American yew, chinwood, English yew, globe-berry, Japanese yew, Oregon yew, Pacific yew, Taxus baccata, T. brevifolia, T. canadenis, T. cuspidata, T. cuspididata, T. floridana, Western yew

The ancient Celts coated their arrows with yew sap as a nerve toxicant. The alkaloid taxine has been used as an antispasmodic. A tincture of the leaves had been used to treat rheumatism and liver and urinary tract conditions. Yew is obtained from bark and branch tips of Taxus brevifolia. It contains a mixture of about 19 taxane-type diterpene esters, referred to as taxines; most prominent of these are paclitaxel and taxine A and B. Other constituents include taxicatin, milossine, and ephedrine. Paclitaxel inhibits cell division by binding to the j3-tubulin subunit of microtubules, which prevents the disassembly of microtubules. Cells are thus arrested in mitosis. Yew is available as a tincture, capsules, and a salve of yew bark.

Reported uses

Yew is used to promote menstruation, eliminate tapeworms, and treat tonsillitis. Taxol, the trade name for the drug paclitaxel, is isolated from the bark of T. brevifolia. Taxotere is the trade name of docetaxel, a more potent analogue of paclitaxel. Paclitaxel is FDA-approved for treating metastatic, ovarian, and breast cancers.


  • For cancers: Optimal doses and administration protocols are still being determined in ongoing clinical trials
  • Infusion (bark or needles are added to 1 cup hot water): The infusion is taken by mouth once every day
  • Tinctures: Doses of yew bark tinctures vary widely.

Safety Risk Most parts of the yew plant are highly poisonous. Ingestion of 50 to 100 g of yew needles or berries has been fatal and is especially dangerous in children. Treatment includes digoxinspecific fragment antigen binding antibodies and gastric lavage followed by administration of charcoal. Supportive measures to treat cardiac effects and other symptoms may also be indicated.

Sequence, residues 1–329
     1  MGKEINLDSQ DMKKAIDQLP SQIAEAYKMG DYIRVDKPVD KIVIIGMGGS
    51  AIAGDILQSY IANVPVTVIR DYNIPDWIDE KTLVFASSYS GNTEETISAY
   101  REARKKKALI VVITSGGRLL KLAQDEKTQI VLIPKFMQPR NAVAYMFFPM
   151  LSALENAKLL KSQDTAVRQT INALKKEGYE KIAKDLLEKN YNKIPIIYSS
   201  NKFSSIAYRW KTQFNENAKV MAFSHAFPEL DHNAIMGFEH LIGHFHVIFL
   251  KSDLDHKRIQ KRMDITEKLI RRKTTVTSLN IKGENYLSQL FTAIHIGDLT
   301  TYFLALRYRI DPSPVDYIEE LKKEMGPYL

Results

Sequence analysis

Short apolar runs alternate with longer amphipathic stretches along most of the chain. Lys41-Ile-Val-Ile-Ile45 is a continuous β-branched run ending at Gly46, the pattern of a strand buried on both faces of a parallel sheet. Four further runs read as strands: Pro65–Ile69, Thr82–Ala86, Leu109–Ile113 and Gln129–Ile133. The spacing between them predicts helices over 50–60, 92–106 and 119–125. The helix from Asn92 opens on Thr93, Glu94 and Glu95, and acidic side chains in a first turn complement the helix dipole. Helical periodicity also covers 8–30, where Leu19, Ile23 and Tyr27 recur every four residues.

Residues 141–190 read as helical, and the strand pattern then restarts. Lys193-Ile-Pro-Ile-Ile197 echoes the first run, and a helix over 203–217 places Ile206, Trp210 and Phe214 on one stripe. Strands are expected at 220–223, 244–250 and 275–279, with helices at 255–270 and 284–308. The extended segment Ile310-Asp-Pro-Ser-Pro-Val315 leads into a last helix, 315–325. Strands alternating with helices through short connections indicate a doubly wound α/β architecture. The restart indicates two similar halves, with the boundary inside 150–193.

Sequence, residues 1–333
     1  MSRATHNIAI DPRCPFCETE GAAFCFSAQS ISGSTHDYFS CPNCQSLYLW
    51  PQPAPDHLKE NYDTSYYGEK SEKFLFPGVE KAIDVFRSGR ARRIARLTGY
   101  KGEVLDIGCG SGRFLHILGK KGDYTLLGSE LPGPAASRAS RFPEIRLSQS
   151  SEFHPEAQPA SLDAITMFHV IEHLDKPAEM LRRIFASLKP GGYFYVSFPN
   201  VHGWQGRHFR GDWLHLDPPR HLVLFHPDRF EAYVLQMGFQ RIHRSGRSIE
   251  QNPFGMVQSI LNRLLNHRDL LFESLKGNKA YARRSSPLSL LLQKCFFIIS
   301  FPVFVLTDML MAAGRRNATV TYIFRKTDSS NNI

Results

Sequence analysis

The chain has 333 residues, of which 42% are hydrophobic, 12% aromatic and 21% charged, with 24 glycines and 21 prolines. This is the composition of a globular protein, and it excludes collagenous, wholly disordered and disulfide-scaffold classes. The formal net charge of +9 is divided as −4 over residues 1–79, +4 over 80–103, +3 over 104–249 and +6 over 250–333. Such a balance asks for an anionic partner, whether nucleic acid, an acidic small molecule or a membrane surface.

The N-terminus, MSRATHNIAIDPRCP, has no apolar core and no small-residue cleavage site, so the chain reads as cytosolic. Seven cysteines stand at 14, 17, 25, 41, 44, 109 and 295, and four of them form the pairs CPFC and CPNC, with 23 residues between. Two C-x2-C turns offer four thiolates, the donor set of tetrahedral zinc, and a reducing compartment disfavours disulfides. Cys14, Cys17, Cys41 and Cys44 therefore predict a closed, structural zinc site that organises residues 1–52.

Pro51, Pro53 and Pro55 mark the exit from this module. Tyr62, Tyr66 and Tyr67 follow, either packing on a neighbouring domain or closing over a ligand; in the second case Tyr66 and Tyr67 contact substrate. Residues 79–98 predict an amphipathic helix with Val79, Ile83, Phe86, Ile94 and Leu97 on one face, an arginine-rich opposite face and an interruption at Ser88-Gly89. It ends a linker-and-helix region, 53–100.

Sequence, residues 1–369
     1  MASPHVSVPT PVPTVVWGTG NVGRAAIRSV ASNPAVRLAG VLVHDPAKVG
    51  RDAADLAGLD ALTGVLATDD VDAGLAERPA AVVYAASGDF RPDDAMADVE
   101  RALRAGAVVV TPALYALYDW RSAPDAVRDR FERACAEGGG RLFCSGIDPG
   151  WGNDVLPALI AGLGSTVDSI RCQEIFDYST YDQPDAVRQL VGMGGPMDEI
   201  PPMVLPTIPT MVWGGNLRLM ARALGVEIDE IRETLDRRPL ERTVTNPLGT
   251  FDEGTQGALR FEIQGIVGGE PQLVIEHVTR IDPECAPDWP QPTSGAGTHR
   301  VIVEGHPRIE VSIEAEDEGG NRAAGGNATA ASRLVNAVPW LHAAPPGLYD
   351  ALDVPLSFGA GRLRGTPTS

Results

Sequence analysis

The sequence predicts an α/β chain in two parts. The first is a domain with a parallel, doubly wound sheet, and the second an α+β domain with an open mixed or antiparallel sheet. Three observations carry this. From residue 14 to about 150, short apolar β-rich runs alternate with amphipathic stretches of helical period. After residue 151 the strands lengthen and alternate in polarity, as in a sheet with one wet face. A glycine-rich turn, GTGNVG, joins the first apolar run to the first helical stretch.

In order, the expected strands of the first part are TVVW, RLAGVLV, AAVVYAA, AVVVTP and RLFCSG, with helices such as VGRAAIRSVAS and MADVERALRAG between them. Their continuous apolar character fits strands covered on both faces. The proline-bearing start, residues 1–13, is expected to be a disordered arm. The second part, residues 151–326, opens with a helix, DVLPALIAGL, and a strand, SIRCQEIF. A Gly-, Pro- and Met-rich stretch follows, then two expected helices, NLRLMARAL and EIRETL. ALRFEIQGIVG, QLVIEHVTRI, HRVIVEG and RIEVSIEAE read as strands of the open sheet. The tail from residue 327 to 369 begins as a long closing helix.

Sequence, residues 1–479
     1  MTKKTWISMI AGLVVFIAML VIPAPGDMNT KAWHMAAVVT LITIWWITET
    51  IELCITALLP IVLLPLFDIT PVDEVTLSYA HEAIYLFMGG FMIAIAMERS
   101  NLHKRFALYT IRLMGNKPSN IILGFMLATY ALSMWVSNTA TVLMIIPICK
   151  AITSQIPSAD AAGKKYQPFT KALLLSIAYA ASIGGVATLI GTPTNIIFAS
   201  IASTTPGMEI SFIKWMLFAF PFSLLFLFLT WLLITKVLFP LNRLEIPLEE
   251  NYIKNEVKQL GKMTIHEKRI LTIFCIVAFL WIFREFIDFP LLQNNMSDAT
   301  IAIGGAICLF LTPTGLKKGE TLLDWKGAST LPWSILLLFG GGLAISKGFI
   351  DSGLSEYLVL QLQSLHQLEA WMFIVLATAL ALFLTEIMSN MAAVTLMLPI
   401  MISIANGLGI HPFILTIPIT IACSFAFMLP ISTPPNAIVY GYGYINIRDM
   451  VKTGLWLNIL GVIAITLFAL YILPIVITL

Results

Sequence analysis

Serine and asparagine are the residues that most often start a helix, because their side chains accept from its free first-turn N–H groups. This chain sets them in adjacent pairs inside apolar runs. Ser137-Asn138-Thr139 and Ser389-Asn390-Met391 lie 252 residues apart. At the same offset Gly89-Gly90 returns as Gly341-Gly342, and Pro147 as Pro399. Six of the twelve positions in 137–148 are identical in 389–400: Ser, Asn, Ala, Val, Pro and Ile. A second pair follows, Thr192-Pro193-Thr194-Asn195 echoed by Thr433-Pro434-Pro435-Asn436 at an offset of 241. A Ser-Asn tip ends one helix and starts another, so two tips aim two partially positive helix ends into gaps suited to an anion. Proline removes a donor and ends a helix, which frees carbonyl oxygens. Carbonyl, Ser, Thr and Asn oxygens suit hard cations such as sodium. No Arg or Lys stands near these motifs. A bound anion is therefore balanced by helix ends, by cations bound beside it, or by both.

Yew may cause dizziness, unconsciousness, bradycardia, tachycardia, hypotension, cardiac failure, mydriasis, dry mouth, reddened lips, abdominal cramps, nausea, vomiting, dyspnea, respiratory failure, rash, pallor, and cyanosis. It may also cause miscariage.

Potentiation of myelosuppression and interactions occurs when yew is taken with other chemotherapeutic drugs. Advise patient to use together only with extreme caution and only under direct supervision of a health care provider.

Women who are pregnant or breast-feeding shouldn’t use yew. Because of the potential extreme toxicity of multiple constituents, herbal formulations of the yew tree should be used only with extreme caution, if at all.

Clinical considerations

  • Monitor vital signs and electrocardiogram iflarge amounts of yew are ingested.
  • Because of the potential extreme toxicity of yew, only prescription forms of paclitaxel should be used, and then only under the careful guidance of an oncologist.
  • Some common hypersensitivity reactions to paclitaxel have been reduced by giving the drug as a slow infusion over 6 to 24 hours.
  • Advise patient of the need for regular follow-up care with an oncologist if taking yew for a cancerous condition.
  • Urge patient to report adverse effects promptly to a health care provider.
  • Tell patient to seek emergency medical care if he develops adverse effects or a toxic response.
  • Warn patient of the danger of taking yew without medical supervision.
  • Warn patient to keep all herbal products away from children and pets.
  • Tell patient to remind pharmacist of any herbal and dietary supplements that are being taken when filling a new prescription.
  • Advise patient to consult with a health care provider before using an herbal preparation because a conventional treatment with proven efficacy may be available.

Research summary

Clinical trials in the use of the FDA-approved drug paclitaxel are ongoing to determine treatment approval for other cancers, and optimal dose and administration protocols.

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